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Earlier you learned about linear search which search for a key from a given array. The search is affected by whether the array is ordered or unordered. The performance get better if the key is found at the beginning of the array. The transpose sequential search does that for repeated searches. It is also known as **self-organizing linear search.**

With each time you search for a key in the array, the transpose sequential search will shift the key at the beginning of the array. Therefore, next time you search for the same key you will find it in less time.

### Transpose Sequential Search Algorithm

//Algorithm : Transpose Sequential Search Algorithm Transpose_Sequential_Search(S, n, K) { i := 0 while (i < n and K != S[i]) do { i := i + 1 // move through the array as long as K is not matching any element } if K = S[i] then { print ("Key found !") swap( S[i], S[i-1]) } else { print ("Key not found !") } }

In the algorithms above,

– It is the search key which we are trying to locate in the array.

– It is the array of numbers.

– it is the number of elements in the array.

**Example #1**

Suppose there is an array of numbers and we want to search for a key . We will do the usual search, but repeat our search several times for the same key . This will show us the use of **transpose sequential search** in repeated searches.

Let \hspace{1mm}S[0: 9] = \{ 42, 54, 10, 59, 32, 11, 77, 21, 99, 66 \} \hspace{1mm} and \hspace{1mm} search \hspace{1mm} key \hspace{1mm} be \hspace{1mm} K = 99.

We will do repeated search for in following way.

99, 10, 99, 32, 99

In between our searches, we are trying to search other numbers also, so that it look natural. With each search attempt the original array will change in following way.

Each of the search will swap the search key with its previous element, if we are searching for , first it gets found and then it is swapped with previous element initially. With each subsequent search the position of goes to the beginning of the array.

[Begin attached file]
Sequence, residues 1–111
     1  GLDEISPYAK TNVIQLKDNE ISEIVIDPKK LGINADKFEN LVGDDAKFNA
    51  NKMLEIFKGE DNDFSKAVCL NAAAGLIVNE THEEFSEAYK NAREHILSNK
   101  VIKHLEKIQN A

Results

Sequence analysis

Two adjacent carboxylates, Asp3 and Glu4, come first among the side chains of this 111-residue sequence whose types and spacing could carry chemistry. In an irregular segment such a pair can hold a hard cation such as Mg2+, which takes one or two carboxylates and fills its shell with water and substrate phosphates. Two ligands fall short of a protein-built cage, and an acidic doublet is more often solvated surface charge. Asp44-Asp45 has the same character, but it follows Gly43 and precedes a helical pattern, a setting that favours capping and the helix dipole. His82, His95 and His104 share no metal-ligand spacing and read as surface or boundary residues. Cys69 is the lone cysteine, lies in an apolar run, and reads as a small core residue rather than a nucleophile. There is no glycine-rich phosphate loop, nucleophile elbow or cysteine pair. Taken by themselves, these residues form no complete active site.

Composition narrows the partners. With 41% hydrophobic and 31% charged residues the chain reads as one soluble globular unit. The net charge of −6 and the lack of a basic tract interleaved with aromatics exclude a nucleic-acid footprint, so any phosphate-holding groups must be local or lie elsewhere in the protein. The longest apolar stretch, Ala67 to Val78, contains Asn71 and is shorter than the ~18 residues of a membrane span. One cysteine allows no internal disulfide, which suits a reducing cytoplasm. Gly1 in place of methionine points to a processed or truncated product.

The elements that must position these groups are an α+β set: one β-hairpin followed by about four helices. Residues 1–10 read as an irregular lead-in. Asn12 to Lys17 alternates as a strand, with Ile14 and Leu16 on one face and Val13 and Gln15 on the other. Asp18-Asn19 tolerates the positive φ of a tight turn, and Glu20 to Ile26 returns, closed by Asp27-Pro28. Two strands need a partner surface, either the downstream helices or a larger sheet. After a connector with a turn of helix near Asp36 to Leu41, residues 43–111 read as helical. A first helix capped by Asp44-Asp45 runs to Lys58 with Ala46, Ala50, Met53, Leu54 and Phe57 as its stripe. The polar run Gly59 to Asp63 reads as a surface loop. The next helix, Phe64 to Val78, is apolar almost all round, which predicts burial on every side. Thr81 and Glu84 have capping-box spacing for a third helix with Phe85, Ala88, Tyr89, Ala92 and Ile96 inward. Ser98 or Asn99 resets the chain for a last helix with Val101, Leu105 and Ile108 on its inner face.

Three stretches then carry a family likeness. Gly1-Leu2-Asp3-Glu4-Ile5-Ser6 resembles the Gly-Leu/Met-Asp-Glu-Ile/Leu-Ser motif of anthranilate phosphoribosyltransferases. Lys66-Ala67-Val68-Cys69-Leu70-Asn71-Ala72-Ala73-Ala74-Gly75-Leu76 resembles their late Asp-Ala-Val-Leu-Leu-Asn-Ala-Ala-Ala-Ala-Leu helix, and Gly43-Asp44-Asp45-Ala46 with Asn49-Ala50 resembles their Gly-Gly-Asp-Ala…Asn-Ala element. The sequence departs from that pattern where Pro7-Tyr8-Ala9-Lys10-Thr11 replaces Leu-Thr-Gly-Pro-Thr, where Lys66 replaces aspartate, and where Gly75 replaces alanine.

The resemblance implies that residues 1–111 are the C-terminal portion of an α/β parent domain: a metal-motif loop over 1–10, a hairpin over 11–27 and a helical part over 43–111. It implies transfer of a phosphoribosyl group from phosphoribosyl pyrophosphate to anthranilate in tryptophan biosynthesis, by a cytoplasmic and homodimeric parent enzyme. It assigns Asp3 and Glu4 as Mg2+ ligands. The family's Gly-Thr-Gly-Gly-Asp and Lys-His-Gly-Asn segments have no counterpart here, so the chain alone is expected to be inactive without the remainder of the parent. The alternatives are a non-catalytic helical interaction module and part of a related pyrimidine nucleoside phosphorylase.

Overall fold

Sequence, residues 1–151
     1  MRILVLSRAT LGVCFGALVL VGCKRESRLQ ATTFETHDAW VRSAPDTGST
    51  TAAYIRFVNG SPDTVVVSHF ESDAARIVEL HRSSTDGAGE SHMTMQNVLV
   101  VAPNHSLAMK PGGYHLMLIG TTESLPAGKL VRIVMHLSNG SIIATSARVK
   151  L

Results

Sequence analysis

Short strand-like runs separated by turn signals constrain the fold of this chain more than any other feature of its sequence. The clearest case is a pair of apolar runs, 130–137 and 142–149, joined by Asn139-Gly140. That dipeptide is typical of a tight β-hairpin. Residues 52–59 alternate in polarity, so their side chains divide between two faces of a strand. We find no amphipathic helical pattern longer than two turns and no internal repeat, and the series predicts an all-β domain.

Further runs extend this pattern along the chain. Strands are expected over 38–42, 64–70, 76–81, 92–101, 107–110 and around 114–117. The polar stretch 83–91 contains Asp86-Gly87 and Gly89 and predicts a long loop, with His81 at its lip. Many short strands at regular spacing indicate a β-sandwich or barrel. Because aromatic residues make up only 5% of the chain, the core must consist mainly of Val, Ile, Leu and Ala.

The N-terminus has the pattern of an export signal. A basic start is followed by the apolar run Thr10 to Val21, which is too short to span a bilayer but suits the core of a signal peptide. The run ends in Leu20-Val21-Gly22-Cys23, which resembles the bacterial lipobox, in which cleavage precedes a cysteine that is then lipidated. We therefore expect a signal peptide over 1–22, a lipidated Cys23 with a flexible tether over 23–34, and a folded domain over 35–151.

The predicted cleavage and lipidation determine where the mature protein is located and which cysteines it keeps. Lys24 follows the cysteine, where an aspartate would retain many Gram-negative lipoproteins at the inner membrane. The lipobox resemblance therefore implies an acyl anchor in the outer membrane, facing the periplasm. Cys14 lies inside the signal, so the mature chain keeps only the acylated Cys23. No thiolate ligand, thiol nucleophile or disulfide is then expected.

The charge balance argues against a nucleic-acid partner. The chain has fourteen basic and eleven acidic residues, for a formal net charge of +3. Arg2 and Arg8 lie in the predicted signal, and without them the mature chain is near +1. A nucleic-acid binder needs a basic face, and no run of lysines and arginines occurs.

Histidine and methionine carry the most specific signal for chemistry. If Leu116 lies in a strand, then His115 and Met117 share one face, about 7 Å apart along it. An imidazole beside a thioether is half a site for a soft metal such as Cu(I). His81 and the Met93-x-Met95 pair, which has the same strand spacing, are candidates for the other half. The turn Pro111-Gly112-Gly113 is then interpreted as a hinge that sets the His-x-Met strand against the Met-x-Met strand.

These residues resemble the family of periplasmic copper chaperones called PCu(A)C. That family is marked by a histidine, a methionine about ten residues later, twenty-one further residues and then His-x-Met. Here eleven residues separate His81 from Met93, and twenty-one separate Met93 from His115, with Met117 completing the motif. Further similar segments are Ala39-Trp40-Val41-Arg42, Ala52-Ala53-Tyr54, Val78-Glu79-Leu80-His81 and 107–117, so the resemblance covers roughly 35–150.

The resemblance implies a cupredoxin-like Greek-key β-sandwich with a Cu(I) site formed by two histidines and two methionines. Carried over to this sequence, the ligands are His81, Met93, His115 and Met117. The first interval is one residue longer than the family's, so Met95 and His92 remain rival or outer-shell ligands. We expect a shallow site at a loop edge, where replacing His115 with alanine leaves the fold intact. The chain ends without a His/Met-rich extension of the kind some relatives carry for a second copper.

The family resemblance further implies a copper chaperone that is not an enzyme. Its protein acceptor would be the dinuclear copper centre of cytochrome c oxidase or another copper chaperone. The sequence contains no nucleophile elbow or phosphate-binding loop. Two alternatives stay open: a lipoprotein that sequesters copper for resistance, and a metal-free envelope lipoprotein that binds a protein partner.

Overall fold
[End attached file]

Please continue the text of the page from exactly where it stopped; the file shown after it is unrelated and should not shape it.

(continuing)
**Time Complexity of Transpose Sequential Search**

If the search key is at the end of the array then it is worst case scenario and time taken is . Each search attempt improves the position and the search is done in constant time .

**C++ Implementation of Transpose Sequential Search**

PROGRAM : TRANSPOSE SEQUENTIAL SEARCH #include <iostream.h> #include <stdio.h> int main() { //Declare all variables and the array int S[] = { 42, 54, 10, 59, 32, 11, 77, 21, 99, 66 }; int K; int temp = 0; int n = 10; int i = 0; // Read the input value cout << "Input the value of K: "; cin >> K; while (i < n && K != S[i]) { i = i + 1; //Move through the array } if(K == S[i]) { cout << "Key Found!" << endl; //swap temp = S[i]; S[i] = S[i-1]; S[i-1] = temp; cout << S[i-1]; } else { cout << "Item not found" << endl; } return 0; }

**Input :**

Input the value of K: 99

**Output :**

Key Found! 99

In the next article, you will learn about some other forms of linear search algorithms.

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